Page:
reply to post by atlasastro
You're right, what I've posted above only shows that the semi-major axes of the planets can be approximated geometrically without any mass or speed
variables, but this fact alone should get anyone to at least question the mainstream view. Kepler was right that the golden mean was involved in some
way in the solar system, he just didn't have a complete understanding of harmonic physics and resorted to nesting platonic solids which don't work.
The elliptical orbits don't negate the fact that damping rings formed in the solar current sheet. Instead, they demonstrate how the solar system
condensed slightly as it cooled, pushing the planets slightly out of the solar equator and causing their orbits to stretch into ellipses while
inducing wobble or "precession." In physics, this effect is called harmonicity and can be demonstrated on a piano string in the upper register when
harmonics try to form on a string that is too thick compared with its tension. The harmonics ring increasingly sharp as the string dies out. This is
what happened (and continues to happen) as the solar system cooled and "crystallized" into solid matter. The outer sphere of the solar system shrank,
warping the heliospheric current sheet and pushing planets out of circular orbits. This warping process occurs in every standing wave as it reflects
and resonates. This is what accounts for the variance from calculated orbits in my first post.
To calculate the size of the planets from first principles, we need to use the 5th and 7th partials in the harmonic series. These two wave partials
represent the most enharmonic interval in the harmonic series. When this is then multiplied by the most harmonic interval in the harmonic series 1/81
= 0.012345679, we can approximate the harmonic balance of gravity to space as the Gaussian gravitational constant:
k = 7 /5 x 1/ 81 = 0.017283951
Incidentally, this is exactly the standard deviation in the same normal Gaussian first derivative distribution having the arithmetic mean of Pi and
x-value of 12. Think of it as the wiggle room needed for energy to resonate coherently.
Now, it is true that the real gravitational constant is 0.01720209895, but the original constant before the solar system shrank was the theoretical
constant described above based on Pi and the ideal point of balance in the harmonic series.
As a side note, the theoretical constant can be used to calculate a Julian year:
2Pi / k + 100k days = 365.25 days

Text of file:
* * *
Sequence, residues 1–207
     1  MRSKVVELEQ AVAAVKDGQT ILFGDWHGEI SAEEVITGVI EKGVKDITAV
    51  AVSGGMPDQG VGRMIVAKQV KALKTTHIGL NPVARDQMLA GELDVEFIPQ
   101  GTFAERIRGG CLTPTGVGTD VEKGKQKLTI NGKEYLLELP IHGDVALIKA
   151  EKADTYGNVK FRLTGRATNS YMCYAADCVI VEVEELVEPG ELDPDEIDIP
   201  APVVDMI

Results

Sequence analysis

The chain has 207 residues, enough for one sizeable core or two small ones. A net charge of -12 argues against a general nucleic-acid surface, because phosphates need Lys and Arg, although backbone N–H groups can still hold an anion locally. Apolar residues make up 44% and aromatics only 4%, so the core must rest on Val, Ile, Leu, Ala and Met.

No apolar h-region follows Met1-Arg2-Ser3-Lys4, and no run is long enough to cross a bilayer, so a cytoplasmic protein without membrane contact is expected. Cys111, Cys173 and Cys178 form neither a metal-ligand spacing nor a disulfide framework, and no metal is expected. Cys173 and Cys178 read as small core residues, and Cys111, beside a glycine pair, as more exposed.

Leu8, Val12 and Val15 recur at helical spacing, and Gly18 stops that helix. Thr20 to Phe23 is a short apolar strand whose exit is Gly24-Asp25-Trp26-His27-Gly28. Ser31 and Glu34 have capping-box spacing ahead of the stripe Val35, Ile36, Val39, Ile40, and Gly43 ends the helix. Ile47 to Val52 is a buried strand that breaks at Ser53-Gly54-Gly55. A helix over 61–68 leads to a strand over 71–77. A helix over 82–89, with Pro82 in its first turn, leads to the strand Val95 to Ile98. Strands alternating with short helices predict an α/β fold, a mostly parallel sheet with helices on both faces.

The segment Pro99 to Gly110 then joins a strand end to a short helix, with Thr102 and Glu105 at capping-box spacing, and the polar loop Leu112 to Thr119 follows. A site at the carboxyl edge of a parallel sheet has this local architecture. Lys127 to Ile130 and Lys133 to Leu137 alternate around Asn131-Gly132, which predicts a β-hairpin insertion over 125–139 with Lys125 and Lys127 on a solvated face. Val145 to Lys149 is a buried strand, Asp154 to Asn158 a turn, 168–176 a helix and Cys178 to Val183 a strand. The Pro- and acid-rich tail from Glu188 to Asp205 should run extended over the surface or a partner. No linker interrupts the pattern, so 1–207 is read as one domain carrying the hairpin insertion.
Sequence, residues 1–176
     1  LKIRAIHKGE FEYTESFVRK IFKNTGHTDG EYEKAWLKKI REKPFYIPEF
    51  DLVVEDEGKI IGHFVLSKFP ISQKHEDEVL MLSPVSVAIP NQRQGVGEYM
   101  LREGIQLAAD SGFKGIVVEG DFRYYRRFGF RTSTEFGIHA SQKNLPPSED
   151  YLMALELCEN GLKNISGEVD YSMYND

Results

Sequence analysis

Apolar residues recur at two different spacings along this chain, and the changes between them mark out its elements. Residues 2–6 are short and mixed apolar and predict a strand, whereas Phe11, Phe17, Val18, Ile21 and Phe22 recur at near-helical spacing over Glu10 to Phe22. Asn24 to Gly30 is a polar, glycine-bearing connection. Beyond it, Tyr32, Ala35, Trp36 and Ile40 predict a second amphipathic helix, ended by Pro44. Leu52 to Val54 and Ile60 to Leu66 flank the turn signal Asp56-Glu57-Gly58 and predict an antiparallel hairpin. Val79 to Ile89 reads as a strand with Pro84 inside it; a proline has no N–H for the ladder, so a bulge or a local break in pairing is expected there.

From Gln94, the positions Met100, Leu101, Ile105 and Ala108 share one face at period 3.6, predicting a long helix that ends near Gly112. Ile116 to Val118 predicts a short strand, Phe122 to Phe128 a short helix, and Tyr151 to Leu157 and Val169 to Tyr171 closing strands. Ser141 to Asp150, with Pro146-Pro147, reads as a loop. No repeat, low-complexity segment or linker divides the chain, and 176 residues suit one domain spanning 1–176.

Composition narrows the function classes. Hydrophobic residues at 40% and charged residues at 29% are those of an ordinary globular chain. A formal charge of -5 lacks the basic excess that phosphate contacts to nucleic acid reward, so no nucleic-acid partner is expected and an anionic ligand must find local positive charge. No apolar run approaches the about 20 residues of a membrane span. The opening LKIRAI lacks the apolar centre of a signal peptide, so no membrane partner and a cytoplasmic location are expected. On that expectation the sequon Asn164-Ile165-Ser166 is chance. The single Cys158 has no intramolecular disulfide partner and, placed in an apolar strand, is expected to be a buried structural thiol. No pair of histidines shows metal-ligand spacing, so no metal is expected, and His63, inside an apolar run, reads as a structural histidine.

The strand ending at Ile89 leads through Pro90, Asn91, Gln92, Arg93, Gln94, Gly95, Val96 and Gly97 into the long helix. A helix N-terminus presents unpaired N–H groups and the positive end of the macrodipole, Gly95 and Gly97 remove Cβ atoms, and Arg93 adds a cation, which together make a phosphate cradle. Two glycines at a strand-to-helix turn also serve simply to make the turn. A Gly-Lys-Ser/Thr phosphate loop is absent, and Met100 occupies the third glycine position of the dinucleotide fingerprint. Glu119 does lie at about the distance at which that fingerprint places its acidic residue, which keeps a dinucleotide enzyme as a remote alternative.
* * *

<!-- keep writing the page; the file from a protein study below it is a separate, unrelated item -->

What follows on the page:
Here we have derived the Earth's orbit to rotation ratio from the geometric balance of a solar standing wave without any empirical measure of mass or
distance whatsoever. We can see that time is a function of geometry if for no other reason than space must exist for anything to travel in time.
Ok, so now we will seek to explain planet size using k. First, I need to mention the so-called "frost line" that exists just inside the orbit of
Jupiter. This was the point where the plasma density reduced by the gravitational constant during the formation of the solar system, enabling the
formation of much larger planets in the outer solar system. Thus, we can use the gravitational constant as a reduction constant in the outer planets
while leaving the inner planets as is.
....................Radius
1.Sun....................0
2.Mercury.........2440
3.Venus............6052
4.Earth.............6378
5.Mars..............3397
6.Ceres.............2235
................Radius x k
7.Jupiter........1235.66
8.Saturn........1041.67
9.Uranus.........441.761
10.Neptune.....428.054
11.Pluto.........19.87.65
12.Eris.................0.64459
When these are graphed, they create a first-derivative Gaussian velocity curve something like this:
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1..........2..........3..........4..........5..........6..........7..........8..........9..........10..........11..........12
This is the same curve made by the harmonic series as it reflects and phase shifts against itself over a frequency double range. In other words, in
the solar octave between the Sun and Eris,planet sizes can be estimated using a first-derivative Gaussian distribution without using any mass
variable. All that's needed is to use Earth as the maximum radius (velocity) metric, calculate the Gaussian velocity using the spacing constant in my
previous post and finally divide the outer planets by k. Of course, these are estimates based on theory - the cooling and shrinkage of the solar
current sheet again caused some variance from theoretical, pushing out some of the plasma material into moons.
In answer to the earlier question, all of this is original work and is described further in my first book, which you can find through my website
www.InterferenceTheory.com. Hope this helped introduce the notion that gravity is really a phenomena of space geometry, warped over time by energy as
it cools and crystallizes into matter.
edit on 10-10-2010 by Maxpageant because: (no reason given)